I finished The Studio last week, a compelling look at the inner life of the 20th Century Fox lot in 1967. Written by John Gregory Dunne, late husband to Joan Didion, it is a captivating portrait of the sausage-making process of motion pictures.
The book was an extensive undertaking, examining each and every department on the lot and their relationship to the process. After a few chapters, I was left bug-eyed at the stream of voices and skill-sets that went into conceiving a single picture. Dunne captures the day to day affairs of the lot with great humility, a fly-on-the-wall who illustrates just how much work goes into bringing the magic to the silver screen.
Dunne is quick to acknowledge that such honest journalism couldn’t have been possible without the invitation of Richard D. Zanuck, the former President of 20th Century Fox. His tenure would be short-lived, fired by his father Darryl F. Zanuck — co-founder of the studio — for backing a few expensive musicals that failed to return at the box office.
I was consumed with the scenes that unravelled in his wood-panelled office. Zanuck Jr. was a captivating personality, a man who went on to enjoy an incredibly successful career as a producer and would become a guardian angel to the next generation of directors including Clint Eastwood, Steven Spielberg and Tim Burton.
“Dick was really a fantastic support system for me. He never interrupted me when I was speaking… All he did was back up my ideas. I had never been supported that way in my life.” — Steven Spielberg
Watching this excerpt from a recent documentary, Don’t Say No Until I Finish Talking, directed by Laurent Bouzereau (Five Came Back) you get the sense that Zanuck strayed far from the beaten path. Loath to Hollywood double-talk, he was a man of action, someone that put his money where his mouth was.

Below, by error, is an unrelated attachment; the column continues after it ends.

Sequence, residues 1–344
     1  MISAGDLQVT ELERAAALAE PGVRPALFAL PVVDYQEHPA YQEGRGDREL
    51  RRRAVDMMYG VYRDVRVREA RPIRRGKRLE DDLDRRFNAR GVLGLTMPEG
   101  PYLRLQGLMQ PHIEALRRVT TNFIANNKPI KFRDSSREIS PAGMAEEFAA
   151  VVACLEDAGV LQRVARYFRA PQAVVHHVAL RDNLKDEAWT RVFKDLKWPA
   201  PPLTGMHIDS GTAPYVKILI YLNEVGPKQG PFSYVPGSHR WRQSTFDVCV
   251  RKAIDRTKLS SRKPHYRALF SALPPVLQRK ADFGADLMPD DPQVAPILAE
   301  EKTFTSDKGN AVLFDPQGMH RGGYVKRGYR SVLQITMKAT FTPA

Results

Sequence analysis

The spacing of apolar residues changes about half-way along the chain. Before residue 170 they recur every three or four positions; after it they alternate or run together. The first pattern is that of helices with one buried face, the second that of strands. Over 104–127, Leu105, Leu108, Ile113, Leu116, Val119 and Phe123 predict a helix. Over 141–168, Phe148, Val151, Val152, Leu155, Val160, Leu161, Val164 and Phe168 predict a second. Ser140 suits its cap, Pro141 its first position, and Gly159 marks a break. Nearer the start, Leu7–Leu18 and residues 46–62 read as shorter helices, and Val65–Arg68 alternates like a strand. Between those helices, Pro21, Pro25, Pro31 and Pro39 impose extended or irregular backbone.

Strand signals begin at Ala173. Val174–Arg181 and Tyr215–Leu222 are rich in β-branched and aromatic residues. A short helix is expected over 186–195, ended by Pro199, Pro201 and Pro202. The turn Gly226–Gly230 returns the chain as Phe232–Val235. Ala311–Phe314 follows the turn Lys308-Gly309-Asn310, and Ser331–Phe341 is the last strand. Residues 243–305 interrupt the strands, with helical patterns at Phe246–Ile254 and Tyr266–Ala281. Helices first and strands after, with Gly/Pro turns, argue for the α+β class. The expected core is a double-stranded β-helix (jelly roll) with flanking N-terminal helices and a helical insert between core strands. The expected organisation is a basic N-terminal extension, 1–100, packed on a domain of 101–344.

I loved the story behind the making of Jaws, the fabled production that hailed the advent of the summer blockbuster. Its path to glory was far from assured, with its primary villain suffering technical malfunctions from start to finish. Zanuck shielded Spielberg from Universal executives who rallied to replace him intuitively understanding that 'The Kid' was on to a winner.
It's easy to lean cynical, to see the propulsion of all this content creation as nothing more than a clever way to line The Man's pockets. While I won't sit here and deny the underlying principles of show business, when you read between the lines there is something far greater than a pot of gold at the end of the rainbow.
The men and women that powered Hollywood were filled with a gnawing desire to bring stories to life that dazzled and moved audiences to tears. Then as now, they yearned to deliver upon spectacles that swept up hard-working souls, leaving their problems at the popcorn stand.